Posted by Curiouser, a resident of Charleston Meadows
on May 29, 2013 at 12:22 pm

The video is up. Heidi pulled it from consent raising hopes only to dash them by accomplishing nothing. She apparently thought she had worked out some language on gym uniforms with Cathy Mak ahead of time but it did not make it into the AR. That language would still, unfortunately, not have comied with CDE's current guidance on this. No one mentioned summer school or calculators. Then they adopted it. Incidentally, if CDE finds that the district illegally charged for summer school the remedy is that the district has to send refund checks to every parent in the district who paid. That will be much less efficient than just following the law in the first place but not a single board member seemed perturbed about it. Nor did the Weekly see fit to cover our illegal practices.


Posted by I considered, a resident of College Terrace
on May 29, 2013 at 6:35 pm

"Ever considered' seems to think that the only way to get clarity on the issue is if someone took the issue to court. There is a much simpler way to assure that we are following the law, simply present our facts to the DOE. My understanding is that they willingly give answers to these kinds of questions. Their interest is to just get districts to follow the requirements of the law. Am I missing something or is our district trying to be too clever by half?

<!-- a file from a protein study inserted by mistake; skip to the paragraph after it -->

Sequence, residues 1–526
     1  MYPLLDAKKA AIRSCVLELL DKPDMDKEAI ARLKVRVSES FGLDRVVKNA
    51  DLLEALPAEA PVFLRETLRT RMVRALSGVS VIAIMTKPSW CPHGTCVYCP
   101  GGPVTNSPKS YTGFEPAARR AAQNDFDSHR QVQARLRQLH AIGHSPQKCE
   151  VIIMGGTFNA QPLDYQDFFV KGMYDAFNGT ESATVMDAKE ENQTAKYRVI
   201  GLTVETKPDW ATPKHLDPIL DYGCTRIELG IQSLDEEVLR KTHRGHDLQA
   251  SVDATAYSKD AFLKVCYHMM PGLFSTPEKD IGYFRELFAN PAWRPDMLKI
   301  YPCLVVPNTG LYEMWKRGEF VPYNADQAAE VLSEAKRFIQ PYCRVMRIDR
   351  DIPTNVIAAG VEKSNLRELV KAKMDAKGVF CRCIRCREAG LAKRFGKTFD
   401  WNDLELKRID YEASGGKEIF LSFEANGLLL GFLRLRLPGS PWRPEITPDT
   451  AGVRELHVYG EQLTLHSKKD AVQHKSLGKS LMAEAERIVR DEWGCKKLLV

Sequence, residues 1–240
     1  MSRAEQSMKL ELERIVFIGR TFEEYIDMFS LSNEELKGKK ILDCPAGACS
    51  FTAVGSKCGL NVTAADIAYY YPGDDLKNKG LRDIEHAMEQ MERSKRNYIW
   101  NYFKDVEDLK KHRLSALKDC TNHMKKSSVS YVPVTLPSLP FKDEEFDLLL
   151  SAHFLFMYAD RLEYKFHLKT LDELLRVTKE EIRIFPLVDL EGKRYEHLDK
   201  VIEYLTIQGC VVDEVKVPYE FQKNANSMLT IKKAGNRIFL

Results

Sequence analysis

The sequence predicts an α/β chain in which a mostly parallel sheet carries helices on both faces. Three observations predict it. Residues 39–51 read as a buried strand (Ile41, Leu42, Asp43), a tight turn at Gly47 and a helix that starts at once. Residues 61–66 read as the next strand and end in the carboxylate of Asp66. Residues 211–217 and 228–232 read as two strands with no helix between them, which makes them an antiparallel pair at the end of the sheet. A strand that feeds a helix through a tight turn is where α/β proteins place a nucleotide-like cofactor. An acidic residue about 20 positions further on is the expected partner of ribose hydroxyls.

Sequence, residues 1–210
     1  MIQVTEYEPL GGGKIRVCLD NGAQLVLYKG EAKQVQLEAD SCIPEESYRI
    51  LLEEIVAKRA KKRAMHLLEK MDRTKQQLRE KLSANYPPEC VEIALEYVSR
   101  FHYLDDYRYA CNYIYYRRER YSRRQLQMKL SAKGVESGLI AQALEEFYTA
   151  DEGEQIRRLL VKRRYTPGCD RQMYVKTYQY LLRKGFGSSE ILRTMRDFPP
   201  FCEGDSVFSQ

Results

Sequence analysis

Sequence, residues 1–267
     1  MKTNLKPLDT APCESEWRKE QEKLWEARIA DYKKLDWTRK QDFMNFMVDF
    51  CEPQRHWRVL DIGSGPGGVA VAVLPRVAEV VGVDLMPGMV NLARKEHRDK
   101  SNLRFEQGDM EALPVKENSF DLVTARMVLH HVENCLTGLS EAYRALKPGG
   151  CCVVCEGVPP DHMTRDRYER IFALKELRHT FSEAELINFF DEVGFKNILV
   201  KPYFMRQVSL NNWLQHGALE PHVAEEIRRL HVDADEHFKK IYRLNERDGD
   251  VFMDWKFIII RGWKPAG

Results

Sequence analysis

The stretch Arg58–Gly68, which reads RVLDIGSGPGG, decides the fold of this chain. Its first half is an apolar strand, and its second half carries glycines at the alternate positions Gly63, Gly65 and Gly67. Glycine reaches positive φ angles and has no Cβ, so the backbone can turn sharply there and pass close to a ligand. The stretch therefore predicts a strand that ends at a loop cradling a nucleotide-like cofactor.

Posted by wow , a resident of Adobe-Meadows
on May 29, 2013 at 6:43 pm

Let me get this straight. If anyone files a complaint about summer school it's open and shut illegal and the CDE will make PAUSD refund all the summer school tuition to every parent? That's half a million dollars last year alone. Holy cow! Is this more bad leadership? Dr. Skelly exposed PAUSD to all of this refund liability. What happens when the inevitable complaints are filed do we blame the parents for the mess? For goodness sake board wake up!


Posted by village fool, a resident of another community
on May 31, 2013 at 10:37 pm

@Wow - Your question received a pretty fast response. As you most likely know - yes - fees are being refunded.
@Curious - Thank you again.